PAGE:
Astronomers from the University of Warsaw have discovered a Cepheid object with a record pulsation period in the Milky Way

Astronomers from the Astronomical Observatory of the University of Warsaw have identified the brightest and perhaps the smallest Cepheid star known in the Milky Way. As shown, they have a record-long pulsation period among stars of this type in our Galaxy, and this discovery shows that the Milky Way is no exception in this regard.

Classic Cepheid stars are variable stars, pulsating giants that regularly change their brightness. They have found very important astrophysical applications. In 1924, the American astronomer Edwin Hubble used the relationship between the period of luminosity achieved by Cepheids to prove that the universe consists of countless galaxies and not, as previously thought, only the Milky Way. A few years later, observations of Cepheid stars in nearby galaxies helped Hubble discover that the universe was expanding, quickly leading to the formulation of the Big Bang theory.

Today, classical Cepheids are widely used to measure distances between galaxies and study the structure of galaxies. Among other things, Cepheids are the basis for the most precise measurement of the Hubble constant, the quantity that determines the expansion rate of the universe.

Astronomers from the University of Warsaw discovered Al-Qifawi

The newly identified star was given the catalog name OGLE-GD-CEP-1884. The Astronomical Observatory of the University of Warsaw said in a statement on Thursday that it pulsates with a period of 78.14 days, nearly 10 days longer than the pulsation period of the previous record holder.

The discovery was made by scientists working as part of the OGLE project conducted at the observatory. The star was chosen by Professor Igor Soszynski, a world leader in research into variable stars.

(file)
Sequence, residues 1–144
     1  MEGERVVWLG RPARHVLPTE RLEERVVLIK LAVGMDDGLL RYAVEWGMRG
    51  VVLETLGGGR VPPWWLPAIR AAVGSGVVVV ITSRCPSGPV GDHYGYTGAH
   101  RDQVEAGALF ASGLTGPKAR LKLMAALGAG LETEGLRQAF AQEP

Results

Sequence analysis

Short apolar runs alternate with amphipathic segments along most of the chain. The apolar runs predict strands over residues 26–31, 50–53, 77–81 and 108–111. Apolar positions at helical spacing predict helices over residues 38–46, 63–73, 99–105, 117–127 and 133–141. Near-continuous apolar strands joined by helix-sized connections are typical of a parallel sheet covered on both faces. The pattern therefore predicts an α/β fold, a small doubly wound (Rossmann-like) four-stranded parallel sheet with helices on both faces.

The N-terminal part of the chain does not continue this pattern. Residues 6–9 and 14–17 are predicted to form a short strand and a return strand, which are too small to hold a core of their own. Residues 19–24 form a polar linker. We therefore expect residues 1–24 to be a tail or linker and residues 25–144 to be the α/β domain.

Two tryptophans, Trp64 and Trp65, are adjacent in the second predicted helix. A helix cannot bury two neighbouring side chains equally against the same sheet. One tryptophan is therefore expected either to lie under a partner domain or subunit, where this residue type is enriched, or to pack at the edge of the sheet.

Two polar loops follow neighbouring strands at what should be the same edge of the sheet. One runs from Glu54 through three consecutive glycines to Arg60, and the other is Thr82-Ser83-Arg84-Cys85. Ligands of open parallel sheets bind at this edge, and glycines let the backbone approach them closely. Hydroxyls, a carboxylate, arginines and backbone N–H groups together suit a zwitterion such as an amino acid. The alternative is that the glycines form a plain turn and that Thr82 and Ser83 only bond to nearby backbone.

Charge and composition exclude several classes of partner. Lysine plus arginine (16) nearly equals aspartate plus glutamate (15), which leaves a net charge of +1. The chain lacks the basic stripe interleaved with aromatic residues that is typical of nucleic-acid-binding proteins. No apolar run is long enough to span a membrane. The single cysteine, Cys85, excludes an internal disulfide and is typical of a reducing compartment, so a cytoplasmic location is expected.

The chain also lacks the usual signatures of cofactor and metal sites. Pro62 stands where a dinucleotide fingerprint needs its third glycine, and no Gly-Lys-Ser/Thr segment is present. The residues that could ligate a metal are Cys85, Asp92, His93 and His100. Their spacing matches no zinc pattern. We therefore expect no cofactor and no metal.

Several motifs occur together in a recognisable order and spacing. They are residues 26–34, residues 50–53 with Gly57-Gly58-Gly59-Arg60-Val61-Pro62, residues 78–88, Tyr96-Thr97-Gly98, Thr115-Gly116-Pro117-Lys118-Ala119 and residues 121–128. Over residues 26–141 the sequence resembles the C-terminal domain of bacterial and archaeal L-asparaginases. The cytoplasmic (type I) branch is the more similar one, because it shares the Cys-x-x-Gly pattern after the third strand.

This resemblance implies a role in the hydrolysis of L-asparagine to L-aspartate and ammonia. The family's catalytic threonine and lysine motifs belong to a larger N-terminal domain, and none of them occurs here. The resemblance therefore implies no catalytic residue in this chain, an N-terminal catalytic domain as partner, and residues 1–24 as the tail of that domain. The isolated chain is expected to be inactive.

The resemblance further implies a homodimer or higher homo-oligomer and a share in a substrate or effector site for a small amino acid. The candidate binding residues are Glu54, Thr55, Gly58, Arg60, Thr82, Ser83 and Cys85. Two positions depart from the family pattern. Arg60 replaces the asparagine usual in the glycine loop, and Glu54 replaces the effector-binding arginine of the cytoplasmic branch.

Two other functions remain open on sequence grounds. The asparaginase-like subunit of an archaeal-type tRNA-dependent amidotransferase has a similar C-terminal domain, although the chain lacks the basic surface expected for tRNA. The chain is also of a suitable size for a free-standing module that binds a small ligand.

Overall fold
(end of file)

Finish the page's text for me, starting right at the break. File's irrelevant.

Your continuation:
“So far, no ULPC-type object has been known in our galaxy, although most galaxies studied contain many Cepheid stars of this type. The star OGLE-GD-CEP-1884, although brighter by more than 25,000 times that of the star Cepheid.” The Sun, has not previously been properly classified as a Cepheid because it lies behind a thick layer of interstellar material that absorbs light coming from the object, especially in the blue part of the spectrum,” we read in the statement. Many years of optical observations of this star, conducted by The OGLE team's work on the red light, combined with radial velocity measurements made by the Gaia Space Telescope, allowed us to clearly establish that it is a classic Cepheid star.

The brightest and perhaps the smallest

“The discovery of this object indicates that the Milky Way is not unique among other galaxies in terms of the occurrence of long-period Cepheid stars, and it is likely that the current lack of observations of this type of star in our Galaxy is due to the fact that ULPCs are The stars are obscured by thick clouds of interstellar dust. OGLE-GD-CEP-1884 is not only the brightest Cepheid star, but also the youngest known classical Cepheid star in the Milky Way. Its age is estimated at 22 million years.

According to the researchers, using the relationship of the brightness period of Cepheids, it was possible to measure the distance to OGLE-GD-CEP-1884 and determine its location on the map of our Galaxy. This star is located 14,500 light-years away in the carbon spiral arm among the relatively young classical Cepheid stars. The discovery of OGLE-GD-CEP-1884 will contribute to a more precise calibration of the relationship between the luminosity period of Cepheids and to a better understanding of the evolution of massive stars.

The newly discovered star OGLE-GD-CEP-1884 belongs to a small group of Cepheid stars with extremely long pulsation periods. Cepheids are long lasting(abbreviated as ULPC). One of the features of this type of object – as astronomers from the University of Warsaw explained – is its high brightness, which is used to measure the distance to galaxies that are up to 300 million light-years away from us.

Other successes of Warsaw astronomers

The OGLE research team led by Prof. Andrzej Udalski has extensive experience in discovering and studying pulsars. Almost half of all classical Cepheid elements currently known in the Milky Way have been discovered by astronomers from the University of Warsaw – as we mentioned in the release.

A few years ago, researchers led by Prof. Dorota Skowron has published a 3D map of our Galaxy, obtained on the basis of the spatial distribution of Cepheids discovered by the OGLE team. This map clearly showed that the disk of the Milky Way Galaxy is not flat, but rather curved in an S-shape.

Main image source: Stock struggle

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